Acting out—
Used in psychology to refer to behaviors (usually impulsive and antisocial) that a person performs rather than restraining the impulse to perform the behavior. Acting out may be done to draw attention, to hurt or punish others, or to feed an addiction.
Used in previous editions of the DSM to indicate a separate area of diagnostic evaluation.
Used in psychology to refer to persons who can perform adequately in school, athletic competition, orthe workplace in spite of a personality disorder, addiction, or other mental disorder.
Interrater reliability—
The degree of agreement between different examiners or raters in judging the same behaviors, abilities, or performances in the same subjects; an important measure of a diagnostic standard or questionnaire.

The causes of HPD are a matter of dispute, although most clinicians consider it to result from a combination of genetic and environmental factors. In some cases it appears to be a style of relating to others that individuals learned in their family of origin.

HPD is a personality disorder that can have a severe impact on family members, workplace colleagues, and others who must interact with the affected person on a frequent basis. People with HPD are unable to consider the long-term consequences of their behavior, and the turbulence they create for others can be humiliating for family members or employers as well as stressful to resolve. Friends or relatives of people with HPD may find themselves avoiding favorite activities or social events in order to protect themselves from the tantrums or embarrassing scenes created by the affected person.

Individuals with HPD may benefit from psychodynamic therapy or group therapy provided they are willing to undertake it; they often do not enter psychotherapy, however, because they typically do not think they need it. High-functioning individuals with HPD, particularly those with higher education or those in occupations that reward their flair for the dramatic (the performing arts, the fine arts, politics, professional sports, journalism) are often successful in getting what they want from others as well as obtaining professional acclaim. Low-functioning persons with HPD may seek professional help when their behavior causes a family or workplace crisis but are likely to leave treatment when the crisis appears to be over. The goals for individuals with HPD who are prepared to undergo therapy should include gaining more control over emotional reactions and understanding how their overly dramatic behavior undermines their relationships or careers. Medication is ineffective in treating HPD, although it might be prescribed for such accompanying symptoms as anxiety or depression.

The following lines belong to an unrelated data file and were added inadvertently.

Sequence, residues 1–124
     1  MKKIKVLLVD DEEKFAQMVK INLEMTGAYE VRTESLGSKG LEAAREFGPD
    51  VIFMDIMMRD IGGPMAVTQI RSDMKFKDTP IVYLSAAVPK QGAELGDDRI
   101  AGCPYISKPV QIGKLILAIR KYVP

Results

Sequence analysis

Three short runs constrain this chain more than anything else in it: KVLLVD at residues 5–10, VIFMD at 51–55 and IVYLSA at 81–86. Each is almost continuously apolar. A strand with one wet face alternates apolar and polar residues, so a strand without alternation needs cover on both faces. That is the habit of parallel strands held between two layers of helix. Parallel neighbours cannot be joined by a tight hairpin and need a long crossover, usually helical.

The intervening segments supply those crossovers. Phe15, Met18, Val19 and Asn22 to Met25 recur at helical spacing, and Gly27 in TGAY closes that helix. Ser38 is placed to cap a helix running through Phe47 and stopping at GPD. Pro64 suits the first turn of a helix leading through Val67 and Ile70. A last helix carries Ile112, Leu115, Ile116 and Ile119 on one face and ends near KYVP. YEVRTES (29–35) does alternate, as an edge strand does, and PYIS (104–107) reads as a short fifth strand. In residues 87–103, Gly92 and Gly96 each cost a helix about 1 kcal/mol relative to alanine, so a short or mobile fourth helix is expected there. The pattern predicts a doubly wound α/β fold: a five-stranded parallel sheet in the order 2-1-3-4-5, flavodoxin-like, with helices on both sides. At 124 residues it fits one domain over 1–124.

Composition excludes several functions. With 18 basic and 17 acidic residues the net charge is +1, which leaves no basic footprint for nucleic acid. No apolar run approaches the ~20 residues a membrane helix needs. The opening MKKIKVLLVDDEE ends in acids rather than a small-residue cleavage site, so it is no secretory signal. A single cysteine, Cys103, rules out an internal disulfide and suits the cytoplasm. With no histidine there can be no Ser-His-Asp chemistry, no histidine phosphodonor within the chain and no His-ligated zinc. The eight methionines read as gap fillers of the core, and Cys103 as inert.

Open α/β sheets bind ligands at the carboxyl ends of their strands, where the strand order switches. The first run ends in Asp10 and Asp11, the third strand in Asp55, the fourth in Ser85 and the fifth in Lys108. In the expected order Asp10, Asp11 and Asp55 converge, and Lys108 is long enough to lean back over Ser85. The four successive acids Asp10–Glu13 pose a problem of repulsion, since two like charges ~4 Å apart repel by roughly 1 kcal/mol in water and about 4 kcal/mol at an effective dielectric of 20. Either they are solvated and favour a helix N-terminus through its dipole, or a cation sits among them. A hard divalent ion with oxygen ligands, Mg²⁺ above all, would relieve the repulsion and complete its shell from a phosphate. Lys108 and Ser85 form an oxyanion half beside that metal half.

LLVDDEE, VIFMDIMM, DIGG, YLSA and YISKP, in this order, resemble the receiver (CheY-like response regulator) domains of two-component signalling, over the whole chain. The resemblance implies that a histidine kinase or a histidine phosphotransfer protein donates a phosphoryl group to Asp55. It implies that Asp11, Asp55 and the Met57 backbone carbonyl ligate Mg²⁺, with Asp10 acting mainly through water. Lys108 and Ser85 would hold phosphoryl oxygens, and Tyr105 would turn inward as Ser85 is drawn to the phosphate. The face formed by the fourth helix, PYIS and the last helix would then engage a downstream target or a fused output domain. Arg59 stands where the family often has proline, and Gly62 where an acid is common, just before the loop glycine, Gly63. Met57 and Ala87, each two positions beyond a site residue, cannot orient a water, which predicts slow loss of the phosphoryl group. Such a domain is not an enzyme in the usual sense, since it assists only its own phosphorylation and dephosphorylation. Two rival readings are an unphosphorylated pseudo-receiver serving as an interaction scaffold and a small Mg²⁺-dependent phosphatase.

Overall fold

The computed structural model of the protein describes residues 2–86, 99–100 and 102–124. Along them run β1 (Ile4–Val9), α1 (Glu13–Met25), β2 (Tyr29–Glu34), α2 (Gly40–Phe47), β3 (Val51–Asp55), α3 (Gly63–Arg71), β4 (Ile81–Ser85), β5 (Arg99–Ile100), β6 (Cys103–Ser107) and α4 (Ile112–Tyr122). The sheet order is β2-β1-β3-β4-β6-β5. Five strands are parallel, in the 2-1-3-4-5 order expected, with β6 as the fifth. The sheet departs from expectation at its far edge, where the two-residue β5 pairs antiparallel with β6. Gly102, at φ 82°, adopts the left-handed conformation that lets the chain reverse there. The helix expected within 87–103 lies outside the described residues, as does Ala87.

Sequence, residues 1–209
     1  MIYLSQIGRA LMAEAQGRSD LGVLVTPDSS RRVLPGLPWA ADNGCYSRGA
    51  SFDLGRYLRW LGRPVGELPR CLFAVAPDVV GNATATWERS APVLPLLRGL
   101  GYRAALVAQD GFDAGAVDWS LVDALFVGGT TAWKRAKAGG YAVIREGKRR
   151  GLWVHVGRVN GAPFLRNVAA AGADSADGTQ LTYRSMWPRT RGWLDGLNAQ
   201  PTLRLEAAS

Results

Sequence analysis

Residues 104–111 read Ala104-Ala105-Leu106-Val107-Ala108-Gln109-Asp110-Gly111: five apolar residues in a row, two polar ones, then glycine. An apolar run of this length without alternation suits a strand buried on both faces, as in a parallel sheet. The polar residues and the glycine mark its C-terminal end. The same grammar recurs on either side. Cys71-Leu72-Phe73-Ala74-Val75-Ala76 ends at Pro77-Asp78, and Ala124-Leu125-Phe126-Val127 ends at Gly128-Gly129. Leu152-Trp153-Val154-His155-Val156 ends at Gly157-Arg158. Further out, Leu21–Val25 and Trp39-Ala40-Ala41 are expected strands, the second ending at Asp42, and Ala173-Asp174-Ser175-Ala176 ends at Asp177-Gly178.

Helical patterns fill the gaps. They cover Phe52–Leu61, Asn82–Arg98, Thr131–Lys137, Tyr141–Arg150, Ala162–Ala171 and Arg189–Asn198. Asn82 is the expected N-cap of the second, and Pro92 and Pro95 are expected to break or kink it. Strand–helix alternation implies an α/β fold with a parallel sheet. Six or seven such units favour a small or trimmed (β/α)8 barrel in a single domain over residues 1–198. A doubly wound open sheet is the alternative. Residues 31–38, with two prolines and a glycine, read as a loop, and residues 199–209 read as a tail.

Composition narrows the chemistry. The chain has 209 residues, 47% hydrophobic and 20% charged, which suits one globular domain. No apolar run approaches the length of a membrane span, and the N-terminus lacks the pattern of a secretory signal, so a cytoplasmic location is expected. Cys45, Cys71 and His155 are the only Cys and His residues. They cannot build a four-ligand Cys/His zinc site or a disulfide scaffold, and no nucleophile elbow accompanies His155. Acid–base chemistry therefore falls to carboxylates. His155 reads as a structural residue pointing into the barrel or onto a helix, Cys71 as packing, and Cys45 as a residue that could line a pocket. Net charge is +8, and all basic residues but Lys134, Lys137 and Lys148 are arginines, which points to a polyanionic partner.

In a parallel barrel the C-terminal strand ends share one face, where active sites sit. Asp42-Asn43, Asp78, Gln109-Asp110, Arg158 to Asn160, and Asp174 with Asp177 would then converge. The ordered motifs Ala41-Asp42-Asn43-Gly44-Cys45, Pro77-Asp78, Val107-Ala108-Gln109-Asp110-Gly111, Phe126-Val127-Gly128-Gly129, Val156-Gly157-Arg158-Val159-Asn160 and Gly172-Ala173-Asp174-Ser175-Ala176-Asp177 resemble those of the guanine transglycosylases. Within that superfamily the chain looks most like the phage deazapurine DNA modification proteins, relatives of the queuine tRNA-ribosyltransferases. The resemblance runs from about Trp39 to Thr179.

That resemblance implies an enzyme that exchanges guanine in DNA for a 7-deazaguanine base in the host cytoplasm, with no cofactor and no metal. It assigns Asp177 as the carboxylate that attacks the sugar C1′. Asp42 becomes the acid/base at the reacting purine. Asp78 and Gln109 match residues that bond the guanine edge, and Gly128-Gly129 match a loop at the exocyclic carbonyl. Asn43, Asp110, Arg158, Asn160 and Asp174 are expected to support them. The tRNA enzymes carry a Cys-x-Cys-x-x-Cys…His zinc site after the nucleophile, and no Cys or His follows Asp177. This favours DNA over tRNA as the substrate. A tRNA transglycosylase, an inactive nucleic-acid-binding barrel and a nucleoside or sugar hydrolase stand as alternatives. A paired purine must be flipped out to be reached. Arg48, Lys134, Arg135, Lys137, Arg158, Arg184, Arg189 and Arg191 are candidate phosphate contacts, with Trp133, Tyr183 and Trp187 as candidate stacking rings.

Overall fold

See also Diagnostic and Statistical Manual ofMental Disorders (DSM-5); Narcissistic personality disorder; Personality disorders.



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American Psychiatric Association, 1000 Wilson Blvd., Ste. 1825, Arlington, VA, 22209, (703) 907-7300, (888) 3577924, apa@psych.org, http://psychiatry.org .

National Alliance on Mental Health (NAMI), 3803 N. Fairfax Dr., Ste. 100, Arlington, VA, 22203, (703) 524-7600, (800) 950-6264, Fax: (703) 524-9094, http://www.nami.org .